Efficiency of Ground-Penetrating Radar in Winter for Concrete Inspection

Photo d'un sol en béton avec de la neige à côté

Ground-Penetrating Radar (GPR) has revolutionized the way we inspect concrete structures. It is a powerful tool for locating potential structural damage and identifying other hazards that may be hidden beneath the surface. GPR can be used in many applications, and its efficiency during winter months is particularly noteworthy. This article will discuss the effectiveness of GPR for concrete inspection during winter months and explore practical ways to ensure maximum accuracy of results.

Ground-Penetrating Radar Technology

Ground-penetrating radar (GPR) is a non-destructive geophysical technique based on the propagation and reflection of electromagnetic waves from 20 MHz to 3 GHz. It is sensitive to changes in the electromagnetic properties of the medium (permittivity, conductivity and magnetic susceptibility). The search is generally carried out by moving the antenna on the surface, with or without contact with the ground. Measurements are taken at regular intervals, allowing a rapid image of the structure of the subsoil.

The GPR records the arrival times of the different waves and adds them up as it progresses along the object studied.

In a last step, the recorded arrival times are converted into distances using different wave propagation speeds. These propagation velocities are calibrated locally using measurements.

Radar technology, originally developed in the 1960s, is now used in geology (detection of bedrock, specific geological formations, cracks, karst phenomena, etc.), archeology (mapping of buried sites), hydrogeology (deep groundwater, detection of contaminated areas), and structures (inspections of concrete structures, roads, railways and other underground structures). During road tests, GPR has proved its worth by evaluating the thickness of the various layers or the quality of the coating (presence of voids, etc.). This technique also makes it possible to visualize the deviations of the structure of the road (identification of homogeneous zones) and thus to orient the installation of boreholes or recognition trenches.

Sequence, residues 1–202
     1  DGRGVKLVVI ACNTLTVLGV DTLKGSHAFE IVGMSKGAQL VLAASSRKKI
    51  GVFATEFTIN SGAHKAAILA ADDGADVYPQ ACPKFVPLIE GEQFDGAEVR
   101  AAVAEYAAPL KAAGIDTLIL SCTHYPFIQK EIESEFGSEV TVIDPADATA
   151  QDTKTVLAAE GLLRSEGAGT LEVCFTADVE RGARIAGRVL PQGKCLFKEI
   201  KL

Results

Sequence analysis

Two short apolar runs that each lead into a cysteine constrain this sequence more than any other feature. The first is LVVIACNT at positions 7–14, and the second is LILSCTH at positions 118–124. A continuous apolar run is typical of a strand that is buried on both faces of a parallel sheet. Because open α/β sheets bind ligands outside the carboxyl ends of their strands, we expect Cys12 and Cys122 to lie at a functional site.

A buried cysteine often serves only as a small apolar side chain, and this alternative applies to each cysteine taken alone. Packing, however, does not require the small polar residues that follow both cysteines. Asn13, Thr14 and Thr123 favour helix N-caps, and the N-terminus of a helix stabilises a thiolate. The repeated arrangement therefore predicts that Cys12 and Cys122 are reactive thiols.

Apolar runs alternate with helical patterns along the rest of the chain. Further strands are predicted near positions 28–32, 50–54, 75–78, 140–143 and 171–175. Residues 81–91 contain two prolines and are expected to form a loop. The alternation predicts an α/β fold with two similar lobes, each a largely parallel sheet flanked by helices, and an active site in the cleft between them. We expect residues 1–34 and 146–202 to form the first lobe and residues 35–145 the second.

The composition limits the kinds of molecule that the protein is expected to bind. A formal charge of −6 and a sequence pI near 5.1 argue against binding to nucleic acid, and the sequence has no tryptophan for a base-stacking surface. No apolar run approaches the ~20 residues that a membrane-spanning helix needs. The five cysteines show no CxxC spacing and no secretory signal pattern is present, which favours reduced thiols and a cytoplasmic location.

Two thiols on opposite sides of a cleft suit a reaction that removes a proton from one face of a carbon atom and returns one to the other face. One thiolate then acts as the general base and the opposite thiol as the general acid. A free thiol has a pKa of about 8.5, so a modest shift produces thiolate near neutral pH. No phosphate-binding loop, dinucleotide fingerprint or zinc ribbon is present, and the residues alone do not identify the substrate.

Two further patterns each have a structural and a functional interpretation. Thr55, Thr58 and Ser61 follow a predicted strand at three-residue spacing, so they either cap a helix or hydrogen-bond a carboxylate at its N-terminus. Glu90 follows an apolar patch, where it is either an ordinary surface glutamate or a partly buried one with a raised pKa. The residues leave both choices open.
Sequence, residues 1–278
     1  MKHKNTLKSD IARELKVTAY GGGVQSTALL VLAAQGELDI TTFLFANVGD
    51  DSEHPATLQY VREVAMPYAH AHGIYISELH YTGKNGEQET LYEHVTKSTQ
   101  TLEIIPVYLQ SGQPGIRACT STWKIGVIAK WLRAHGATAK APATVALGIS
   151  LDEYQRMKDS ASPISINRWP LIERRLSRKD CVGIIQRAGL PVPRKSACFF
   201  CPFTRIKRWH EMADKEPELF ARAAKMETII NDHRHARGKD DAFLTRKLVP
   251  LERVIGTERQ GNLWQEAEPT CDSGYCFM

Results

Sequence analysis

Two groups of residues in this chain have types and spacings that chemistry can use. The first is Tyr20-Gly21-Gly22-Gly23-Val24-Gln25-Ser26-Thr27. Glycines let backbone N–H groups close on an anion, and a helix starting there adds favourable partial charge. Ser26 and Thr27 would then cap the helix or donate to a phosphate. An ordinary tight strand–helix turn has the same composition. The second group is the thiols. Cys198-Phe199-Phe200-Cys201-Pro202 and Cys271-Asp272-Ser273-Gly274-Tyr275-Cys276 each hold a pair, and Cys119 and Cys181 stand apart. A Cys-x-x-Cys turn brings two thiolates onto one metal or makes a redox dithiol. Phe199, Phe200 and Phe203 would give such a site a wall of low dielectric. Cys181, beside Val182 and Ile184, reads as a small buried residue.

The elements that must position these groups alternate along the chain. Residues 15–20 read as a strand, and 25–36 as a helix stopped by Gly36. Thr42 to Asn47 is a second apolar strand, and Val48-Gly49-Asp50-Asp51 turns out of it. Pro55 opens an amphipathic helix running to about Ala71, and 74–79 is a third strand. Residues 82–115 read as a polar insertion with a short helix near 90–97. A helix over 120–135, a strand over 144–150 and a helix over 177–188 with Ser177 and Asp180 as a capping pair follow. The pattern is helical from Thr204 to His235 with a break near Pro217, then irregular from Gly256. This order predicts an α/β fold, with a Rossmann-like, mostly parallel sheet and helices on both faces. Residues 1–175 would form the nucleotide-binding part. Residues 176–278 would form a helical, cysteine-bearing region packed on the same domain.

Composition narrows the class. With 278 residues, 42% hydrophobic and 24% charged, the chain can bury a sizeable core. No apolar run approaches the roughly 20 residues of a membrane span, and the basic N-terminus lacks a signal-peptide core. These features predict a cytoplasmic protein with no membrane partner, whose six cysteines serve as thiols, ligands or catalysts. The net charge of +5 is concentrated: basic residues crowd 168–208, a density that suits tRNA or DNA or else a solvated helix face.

Combined with the deflection and core measurements, it improves the evaluation of the moduli of the different layers by inverse calculation thanks to a better estimation of their thickness and their spatial distribution.

A good command of radar technology is important for the success of measurement campaigns. Thus, careful selection of radar and antenna type (including frequency range or center frequency) can maximize the quality of the data obtained. Likewise, the choice of measurement parameters, then the processing and interpretation of the data, are all factors that require a certain user experience.

How It Works

Most georadars operate over time, emitting very short electromagnetic pulses (of the order of one nanosecond) and recording the reflected signal as a function of time. The corresponding signal has a wide frequency band in the frequency range. Other types of radar (with frequency step) transmit continuous sinusoidal waves for different frequencies, then possibly reconstruct the signal in the time domain using an inverse Fourier transform.